A Reasonable Discussion on Health Care

Even our Narcissist-in-Chief, Barack Obama, is showing signs of recognition that the government takeover of Health Care in the United States is strongly opposed by the people. Opposed enough that the totalitarians who tried to shove this treachery through Congress are finding their own political careers in jeopardy, which is the sole language to which they would listen. The prospect of a major shift in Congressional control in 2010 has finally convinced the political con artists to back off this abomination just a bit.

This opens the door to a more rational discussion about Health Care, what is really needed and what can really be done. There are certain ideals which each side desires, but the practical limits offer a small range of options. Even so, an opportunity now exists to arrive at a better solution, one which is realistic and which listens to the public.

There are many special interest groups in any debate about Health Care, which is no surprise given the money concerned and the number of people affected. To begin, it should be obvious that the public will not countenance government-run Health Care. The ‘single payer’ option is unacceptable and the Obama Administration had better accept that fact. However, at some point it is also necessary to accept that major changes are necessary for American Health Care to remain as effective as it is today. It seems strange, given the political indifference to the blunders of Social Security and the Income Tax Code, but for once the government is a bit ahead of the curve in seeking a reformation of the industry in Health Care.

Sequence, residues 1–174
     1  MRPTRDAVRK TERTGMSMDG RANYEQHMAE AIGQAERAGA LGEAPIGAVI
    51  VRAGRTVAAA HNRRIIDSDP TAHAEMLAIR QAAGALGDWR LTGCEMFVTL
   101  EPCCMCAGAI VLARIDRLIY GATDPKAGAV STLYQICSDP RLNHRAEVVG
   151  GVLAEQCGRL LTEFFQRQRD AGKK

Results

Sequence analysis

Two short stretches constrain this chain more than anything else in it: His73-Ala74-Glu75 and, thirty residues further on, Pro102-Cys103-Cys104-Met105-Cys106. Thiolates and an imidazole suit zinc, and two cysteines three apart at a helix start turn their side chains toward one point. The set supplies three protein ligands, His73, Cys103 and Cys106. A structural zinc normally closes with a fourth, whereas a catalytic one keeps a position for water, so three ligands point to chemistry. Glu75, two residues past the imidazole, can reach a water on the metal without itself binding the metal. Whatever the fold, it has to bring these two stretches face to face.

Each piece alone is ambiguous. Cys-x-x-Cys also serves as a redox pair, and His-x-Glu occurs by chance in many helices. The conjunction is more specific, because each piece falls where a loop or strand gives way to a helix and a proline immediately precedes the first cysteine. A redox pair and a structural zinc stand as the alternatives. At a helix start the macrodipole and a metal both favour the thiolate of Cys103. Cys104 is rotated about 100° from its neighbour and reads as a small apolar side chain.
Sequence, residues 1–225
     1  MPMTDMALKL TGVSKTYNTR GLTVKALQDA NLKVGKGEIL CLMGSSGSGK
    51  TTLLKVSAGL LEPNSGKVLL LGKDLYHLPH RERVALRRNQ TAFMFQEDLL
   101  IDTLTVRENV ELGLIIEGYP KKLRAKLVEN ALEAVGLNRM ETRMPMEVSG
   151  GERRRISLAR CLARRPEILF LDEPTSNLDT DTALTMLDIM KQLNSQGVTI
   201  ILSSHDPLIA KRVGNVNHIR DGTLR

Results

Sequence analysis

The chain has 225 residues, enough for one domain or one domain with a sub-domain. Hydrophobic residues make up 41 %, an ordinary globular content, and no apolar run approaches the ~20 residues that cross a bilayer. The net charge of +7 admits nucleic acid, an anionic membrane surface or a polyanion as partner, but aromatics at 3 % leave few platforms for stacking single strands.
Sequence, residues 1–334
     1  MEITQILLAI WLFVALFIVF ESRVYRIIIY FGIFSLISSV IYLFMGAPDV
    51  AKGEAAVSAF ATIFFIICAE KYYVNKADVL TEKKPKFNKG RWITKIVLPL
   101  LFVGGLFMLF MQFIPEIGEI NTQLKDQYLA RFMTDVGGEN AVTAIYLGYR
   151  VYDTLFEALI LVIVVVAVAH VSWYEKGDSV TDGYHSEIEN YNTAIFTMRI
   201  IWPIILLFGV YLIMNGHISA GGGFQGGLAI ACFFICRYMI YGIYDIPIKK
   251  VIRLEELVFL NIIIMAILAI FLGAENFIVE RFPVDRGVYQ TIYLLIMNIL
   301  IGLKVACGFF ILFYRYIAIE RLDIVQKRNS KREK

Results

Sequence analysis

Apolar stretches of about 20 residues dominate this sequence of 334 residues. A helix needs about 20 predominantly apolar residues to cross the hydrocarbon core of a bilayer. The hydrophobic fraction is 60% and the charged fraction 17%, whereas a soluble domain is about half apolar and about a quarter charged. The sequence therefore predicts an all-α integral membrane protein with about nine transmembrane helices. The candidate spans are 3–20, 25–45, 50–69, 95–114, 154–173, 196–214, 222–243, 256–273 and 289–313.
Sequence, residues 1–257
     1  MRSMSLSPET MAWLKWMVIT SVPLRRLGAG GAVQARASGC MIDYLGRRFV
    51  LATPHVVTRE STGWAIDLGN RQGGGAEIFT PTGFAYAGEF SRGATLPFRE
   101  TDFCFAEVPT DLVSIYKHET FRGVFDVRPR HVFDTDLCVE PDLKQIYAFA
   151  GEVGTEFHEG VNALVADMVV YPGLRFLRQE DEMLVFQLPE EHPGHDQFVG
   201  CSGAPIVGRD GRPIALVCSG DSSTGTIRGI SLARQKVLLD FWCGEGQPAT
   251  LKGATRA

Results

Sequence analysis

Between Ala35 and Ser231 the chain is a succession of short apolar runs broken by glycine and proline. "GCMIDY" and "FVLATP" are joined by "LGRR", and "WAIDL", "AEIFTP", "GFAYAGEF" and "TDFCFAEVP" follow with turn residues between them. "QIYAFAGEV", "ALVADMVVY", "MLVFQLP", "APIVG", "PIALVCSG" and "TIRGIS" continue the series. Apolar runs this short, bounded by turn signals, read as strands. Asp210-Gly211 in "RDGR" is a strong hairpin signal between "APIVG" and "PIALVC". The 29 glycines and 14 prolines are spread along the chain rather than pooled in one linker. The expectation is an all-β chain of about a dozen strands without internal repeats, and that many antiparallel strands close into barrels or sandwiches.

A bit of background here, and something like full disclosure. I worked for five years in Health Care, at an independent third-party administrator of medical claims. That is, it was my job to determine if an insurance claim was valid under the terms of the insurance company’s contract with the medical provider, and – in order of priority – to protect the patient, medical provider, and insurance company’s respective rights under the network provisions. I also performed field audits to insure compliance by medical providers and facilities with their promised levels of accessibility and performance. Also, on the other side of things I am a cancer survivor and a patient at M.D. Anderson Cancer Center in Houston, having been diagnosed in 2006 with pseudomyxoma peritonei, a form of abdominal cancer – specifically known as a non-carcinoid neoplasm of the appendix. My condition is treatable but not curable, and therefore I must plan on a very long term prognosis, one which is promising but at the same time a permanent condition. Consequently, I am very familiar with the needs and concerns of those patients whose conditions are rare and unlikely to be mentioned at all in a one-size-fits-all plan. I know for a fact that neither Medicare nor Medicaid would cover the treatment for my condition, and as a result a national plan built on the foundation of Medicare would be, by definition, unacceptable to me.

That said, I do think a long and detailed discussion about what is needed and how it should be paid for is a good idea. Now that Obamacare has been clearly shown to be unacceptable, it seems appropriate to suggest a better plan. That plan, I think, would best be found by considering and addressing the patients not properly covered by the present system, and by proposing, a la carte I should think, means by which the industry might move forward, such as improving the primary-care to specialist balance among professionals and allowing patients more tax benefits for making effective use of their preventive care options. But the conversation is best served by broad participation, rather than a few dictating terms to the rest.

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